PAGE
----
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Supreme Court Rules for Big Money
Supreme Court Rules for Big Money
by Stephen Lendman
It didn't surprise. It's supremely pro-business. It's always been this way. It's more than ever now.
It supports Big Monied interests. It does so over democratic governance. It's on the wrong side of most issues mattering most.
On April 2, it repeated a familiar pattern. Its McCutcheon v. Federal Election Commission decision ruled one dollar = one vote. It struck down federal campaign contribution limits. It did so disgracefully.
It gave monied interests more power. Writing for the majority, Chief Justice John Roberts referred to the landmark 1976 Buckley v. Valeo ruling saying:
"We conclude that the aggregate limits on contributions do not further the only governmental interest this court accepted as legitimate."
"They instead intrude without justification on a citizen's ability to express the most fundamental First Amendment activities."
Justice Stephen Breyer ruled otherwise. He read his comments from the bench saying McCutcheon "eviscerated our nation's campaign finance laws."
"If Citizens United opened a door, today's decision we fear will open a floodgate." It creates "huge loopholes in the law; and that undermines, perhaps devastates, what remains of campaign finance reform."
"It understates the importance of protecting the political integrity of our governmental institution."
"It creates, we think, a loophole that will allow a single individual to contribute millions of dollars to a political party or to a candidate's campaign."
Republican National Committee Chairman Reince Priebus lied calling McCutcheon "an important first step toward restoring the voice of candidates and party committees and a vindication for all those who support robust, transparent political discourse."
Responsible voices called it another step on the road to tyranny. It tramples on First Amendment freedoms.
It gives monied interests near-exclusive rights. It denies them to all others. It lets powerful voices drown them out.
More on McCutcheon below. In 2010, the High Court's Citizens United v. Federal Election Commission ruled corporations are entitled to unconstrained federal campaign spending.
Writing for the majority at the time, Justice Anthony Kennedy said:
"(W)e now conclude that independent expenditures, including those made by corporations, do not give rise to corruption or the appearance of corruption."
"The fact that speakers (aka donors) may have influence over or access to elected officials does not mean that these officials are corrupt."
His opinion drew on earlier ones, adding:
"Favoritism and influence are not…avoidable in representative politics. It is in the nature of an elected representative to favor certain policies, and, by necessary corollary, to favor the voters and contributors who support those policies."
"It is well understood that a substantial and legitimate reason, if not the only reason, to cast a vote for, or to make a contribution to, one candidate over another is that the candidate will respond by producing those political outcomes the supporter favors. Democracy is premised on responsiveness."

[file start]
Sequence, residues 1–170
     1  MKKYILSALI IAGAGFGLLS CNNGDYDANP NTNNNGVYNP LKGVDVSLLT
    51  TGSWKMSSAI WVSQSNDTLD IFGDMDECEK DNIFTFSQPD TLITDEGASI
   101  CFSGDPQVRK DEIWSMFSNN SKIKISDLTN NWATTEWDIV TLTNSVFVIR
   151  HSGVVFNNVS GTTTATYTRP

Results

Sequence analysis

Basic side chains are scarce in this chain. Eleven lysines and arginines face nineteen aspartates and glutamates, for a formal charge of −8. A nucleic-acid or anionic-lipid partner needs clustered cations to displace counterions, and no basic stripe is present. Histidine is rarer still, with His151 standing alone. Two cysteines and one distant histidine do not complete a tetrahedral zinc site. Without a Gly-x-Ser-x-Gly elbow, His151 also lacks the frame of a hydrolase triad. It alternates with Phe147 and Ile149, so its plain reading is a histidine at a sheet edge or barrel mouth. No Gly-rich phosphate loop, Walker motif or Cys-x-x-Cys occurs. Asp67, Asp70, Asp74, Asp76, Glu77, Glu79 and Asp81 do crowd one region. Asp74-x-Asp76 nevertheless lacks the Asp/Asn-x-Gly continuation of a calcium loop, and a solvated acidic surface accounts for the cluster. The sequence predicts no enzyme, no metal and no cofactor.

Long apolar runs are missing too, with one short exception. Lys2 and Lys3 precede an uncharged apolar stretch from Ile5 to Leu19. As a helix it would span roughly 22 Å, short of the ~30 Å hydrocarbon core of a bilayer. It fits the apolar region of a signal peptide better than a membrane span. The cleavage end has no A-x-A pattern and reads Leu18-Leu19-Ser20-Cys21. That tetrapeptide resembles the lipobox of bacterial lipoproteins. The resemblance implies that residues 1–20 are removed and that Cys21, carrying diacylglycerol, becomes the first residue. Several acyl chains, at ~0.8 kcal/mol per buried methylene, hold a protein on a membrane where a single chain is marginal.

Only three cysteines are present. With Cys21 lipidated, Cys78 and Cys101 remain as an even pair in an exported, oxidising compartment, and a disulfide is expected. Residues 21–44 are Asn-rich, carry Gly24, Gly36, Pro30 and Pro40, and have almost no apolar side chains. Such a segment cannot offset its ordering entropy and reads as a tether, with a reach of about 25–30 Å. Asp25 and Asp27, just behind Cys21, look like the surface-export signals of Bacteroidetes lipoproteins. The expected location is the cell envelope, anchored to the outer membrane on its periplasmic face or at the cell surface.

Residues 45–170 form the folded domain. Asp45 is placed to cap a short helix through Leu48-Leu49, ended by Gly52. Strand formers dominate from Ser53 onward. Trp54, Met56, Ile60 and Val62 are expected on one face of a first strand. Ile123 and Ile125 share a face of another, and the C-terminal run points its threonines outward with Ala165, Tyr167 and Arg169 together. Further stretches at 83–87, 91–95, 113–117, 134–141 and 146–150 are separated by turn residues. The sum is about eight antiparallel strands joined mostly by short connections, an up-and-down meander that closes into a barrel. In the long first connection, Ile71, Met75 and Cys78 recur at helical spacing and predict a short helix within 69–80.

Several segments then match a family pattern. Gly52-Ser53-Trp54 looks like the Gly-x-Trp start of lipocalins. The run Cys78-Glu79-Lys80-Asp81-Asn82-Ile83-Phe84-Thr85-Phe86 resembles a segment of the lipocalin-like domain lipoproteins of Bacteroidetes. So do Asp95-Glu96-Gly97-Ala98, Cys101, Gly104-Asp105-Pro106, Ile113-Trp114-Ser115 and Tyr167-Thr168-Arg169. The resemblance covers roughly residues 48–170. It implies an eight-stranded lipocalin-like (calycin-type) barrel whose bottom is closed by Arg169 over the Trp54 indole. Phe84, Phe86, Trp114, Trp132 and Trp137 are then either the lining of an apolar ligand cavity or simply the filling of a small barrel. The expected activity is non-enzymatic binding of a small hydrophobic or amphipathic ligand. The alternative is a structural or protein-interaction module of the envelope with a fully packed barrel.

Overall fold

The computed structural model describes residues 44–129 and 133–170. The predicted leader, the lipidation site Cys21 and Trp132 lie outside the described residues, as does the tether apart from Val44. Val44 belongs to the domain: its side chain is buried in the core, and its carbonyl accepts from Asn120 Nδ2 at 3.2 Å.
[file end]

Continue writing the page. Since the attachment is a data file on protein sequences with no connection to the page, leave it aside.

In other words, limitless corporate spending drowning out other voices = democracy.
At the time, Ralph Nader denounced Citizens United, saying:
It "shreds the fabric of our already weakened democracy by allowing corporations to more completely dominate our corrupted electoral process."
"It is outrageous that corporations already attempt to influence or bribe our political candidates through their political action committees (PACs), which solicit employees and shareholders for donations."
"With this decision, corporations can now also draw on their corporate treasuries and pour vast amounts of corporate money, through independent expenditures, into the electoral swamp already flooded with corporate campaign PAC contribution dollars."
"This corporatist, anti-voter decision is so extreme that it should galvanize a grassroots effort to enact a Constitutional Amendment to once and for all end corporate personhood and curtail the corrosive impact of big money on politics."
"It is indeed time for a Constitutional amendment to prevent corporate campaign contributions from commercializing our elections and drowning out the civic and political voices and values of citizens and voters."
"It is way overdue to overthrow 'King Corporation' and restore the sovereignty of 'We the People' "!
Dark money infests politics. America's political system is scandalous. Duopoly power corrupts it. Voters get the best democracy money can buy.
Corporations, NGO advocacy groups, and other powerful interest groups decide everything. Ordinary people have no say.
Democracy is a convenient illusion. On April 1, America's Supremes affirmed it writ large. Federalist Society (FS) members dominate decision-making.
They include Chief Justice John Roberts, Antonin Scalia, Samuel Alito, Anthony Kennedy, and Clarence Thomas. They're ideological extremists.
FS began 30 years ago at Harvard, Yale and University of Chicago law schools. Initially it was a student organization. It challenges orthodox liberalism. It corrupts itself in the process.